The global air cargo market got off to a strong start in 2016, with volume up 2.7 percent year-on-year, the fastest growth rate since last April, the International Air Transport Association said.
While this extended the improving trend towards the end of 2015, the international load factor dipped 1.8 percentage points to 41.3 percent, indicating yields are likely to come under further pressure, the industry body cautioned.
“Despite this good start, the underlying weak trade performance makes it unlikely that growth will accelerate significantly in the coming months,” IATA said.
Traffic measured in freight tonne kilometers surpassed the seasonally-adjusted peak level reached in February 2015 when air freight across the Pacific was boosted by the disruption at U.S. West Coast ports.
All regions, except the smaller Africa and Latin America markets, expanded in January, though all posted lower load factors.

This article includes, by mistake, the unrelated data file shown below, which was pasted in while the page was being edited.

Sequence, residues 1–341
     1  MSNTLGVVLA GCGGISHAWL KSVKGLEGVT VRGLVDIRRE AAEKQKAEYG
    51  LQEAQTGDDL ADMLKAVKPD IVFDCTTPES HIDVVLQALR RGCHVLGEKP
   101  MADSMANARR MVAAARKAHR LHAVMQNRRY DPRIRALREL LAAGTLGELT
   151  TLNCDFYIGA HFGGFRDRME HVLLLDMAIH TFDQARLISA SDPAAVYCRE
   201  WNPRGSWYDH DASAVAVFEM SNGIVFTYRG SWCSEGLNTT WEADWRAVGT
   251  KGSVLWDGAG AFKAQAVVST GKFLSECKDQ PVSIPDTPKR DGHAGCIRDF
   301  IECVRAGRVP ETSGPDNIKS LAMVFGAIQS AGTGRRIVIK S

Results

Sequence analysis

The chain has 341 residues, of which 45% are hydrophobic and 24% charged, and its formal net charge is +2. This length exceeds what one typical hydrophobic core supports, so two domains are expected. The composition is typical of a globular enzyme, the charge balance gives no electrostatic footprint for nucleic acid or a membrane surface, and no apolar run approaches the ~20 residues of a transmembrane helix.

“It’s good that volumes are growing, but yields and revenues are still under tremendous pressure,” said IATA Director General Tony Tyler.
North American airlines saw traffic expand 2.5 percent in January from a year earlier as higher volume on European routes, particularly exports, compensated for a decline across the Pacific as the impact of the U.S. port disruption faded. The load factor fell by 1.4 percentage points to 34.6 percent.
Asia-Pacific carriers, which account for around 39 percent of the global market, grew volume by just 1.3 percent as emerging Asia trade contracted and the trans-Pacific market remained weak. The load factor was down 2.3 percentage points, but was the still the highest of any region at 49.8 percent.
European airlines enjoyed a 2.5 percent increase in demand in January, possibly flattered by the volatility and weakness seen a year ago. “The growth trend for volumes looks weak for the months ahead, so there is a strong possibility that Europe could slip back into negative growth,” IATA said.
The Middle East continued its strong performance, with volume jumping 8.8 percent, helped by large scale network and fleet expansion.
Latin American carriers posted a 3.6 percent decline as Brazil’s weakening economy continued to weigh on the region’s air freight market.
African traffic dipped 1.4 percent as the region’s largest economies, Nigeria and South Africa, were hard hit by slumping oil and commodity prices.
Contact Bruce Barnard at firstname.lastname@example.org.